Dostana, karela and social change

Paromita VohraWhen everywhere people are talking about feminism and women’s issues, can there be anything to worry about?

Yes. It is cause to be glad. Change is a complicated word, though.

Speaking of words, you know, how when you learn a new word suddenly you hear it everywhere? Turns out it was there all along but since you did not know what it meant, you never tuned it out. My word this week was blandishments.

Emma Watson
Emma Watson recently delivered a speech on feminism at the UN General Assemly

Blandishments means: a flattering or pleasing statement or action used as a means of gently persuading someone to do something.

Perhaps a similar word for many people, some of them male, was feminism. For, blandishments had to be used by a cool, young movie star, Emma Watson, who stood up for feminism albeit via the bland establishment of the UN to ask men to be partners in creating a gender equal world. Well, if they hadn’t heard the word before, then maybe now they’ll see it everywhere. Aur kya maangein?

The reason they were asked to do this was because it’s good for them too. Last weekend, a writer told men to treat the women in their lives as individuals, just as he had earlier suggested that middle-class violets that shrink in the shadow of a little same sex love, should shrink a little less. Reason? It’s good for the economy.

This is a little bit like the Dostana Factor. When that film came out, on the heels of Kantabai humour a la Kal Ho Na Ho, I was a bit disgruntled. Was this the only way we could talk about gay-ness? Through pretence and innuendo and bad jokes and hetero-normative love outcomes? But weirdly, at least talking about something stops making it so taboo. And along with a lot of legal and social activism, different kinds of art, the support of others who speak and come out in favour of LGBTQI positions, this grotesquerie of a faux gay film also contributes to some shift. Now that we’ve said ‘gay’ out loud well, people see it everywhere, and soon they’ll get used to it.

Yaniki, every drop counts in drought bhai.

But then I wonder, if we always present an idea as good for some other reason than itself, do we weaken the idea? Yaniki, if it stops being good for the economy, should we go right back to ye olde gender and sexual choice discrimination?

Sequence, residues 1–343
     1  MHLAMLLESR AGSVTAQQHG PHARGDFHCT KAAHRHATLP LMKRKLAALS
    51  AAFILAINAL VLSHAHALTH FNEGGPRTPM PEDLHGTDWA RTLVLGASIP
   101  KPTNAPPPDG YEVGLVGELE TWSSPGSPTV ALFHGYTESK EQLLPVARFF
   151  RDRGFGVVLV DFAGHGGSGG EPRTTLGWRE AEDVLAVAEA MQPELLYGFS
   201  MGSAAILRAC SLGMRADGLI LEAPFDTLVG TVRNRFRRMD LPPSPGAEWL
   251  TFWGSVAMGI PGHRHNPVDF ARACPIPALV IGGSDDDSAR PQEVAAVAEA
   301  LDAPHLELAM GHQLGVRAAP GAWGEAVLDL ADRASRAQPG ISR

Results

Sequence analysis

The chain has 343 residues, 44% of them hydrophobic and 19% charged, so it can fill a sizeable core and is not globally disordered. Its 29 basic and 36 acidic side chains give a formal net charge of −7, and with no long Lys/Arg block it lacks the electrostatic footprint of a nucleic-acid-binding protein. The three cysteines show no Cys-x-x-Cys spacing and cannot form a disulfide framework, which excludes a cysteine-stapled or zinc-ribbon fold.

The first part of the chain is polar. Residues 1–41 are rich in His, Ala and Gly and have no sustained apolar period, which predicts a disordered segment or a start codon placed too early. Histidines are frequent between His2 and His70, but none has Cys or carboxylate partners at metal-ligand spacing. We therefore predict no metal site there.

Yaniki, it’s like, the karela Factor. People are always told to eat karela, because it’s good for them. Some might even do so. But that hasn’t made them love karela no? My grandmother used to make karelas stuffed with keema but this only meant people were loving the mutton-mince and karela continued to be vegetable non grata.

So perhaps it’s worth re-examining the thakela ek ke badle ek approach to social change and coming up with a new funda?
Maybe the question is not only how do we intervene in change, but can we simply intervene in change? Because this idea sometimes comes from an imagination in which we are outside the world, looking on it from above, in a position to change it. The inescapable truth though, is that we are part of this world, living and creating energies, words and thoughts that generate change.

It is only the daily articulation of ideas, the living by a set of principles and apprehending the world through the prism of these principles that might cause, rather than make change. Ideas tether change, giving it direction, as string suggests a path to a creeper, while accepting the beauty of its unruly growth.

Paromita Vohra is an award-winning Mumbai-based filmmaker, writer and curator working with fiction and non-fiction. Reach her at

The views expressed in this column are the individual’s and don’t represent those of the paper.

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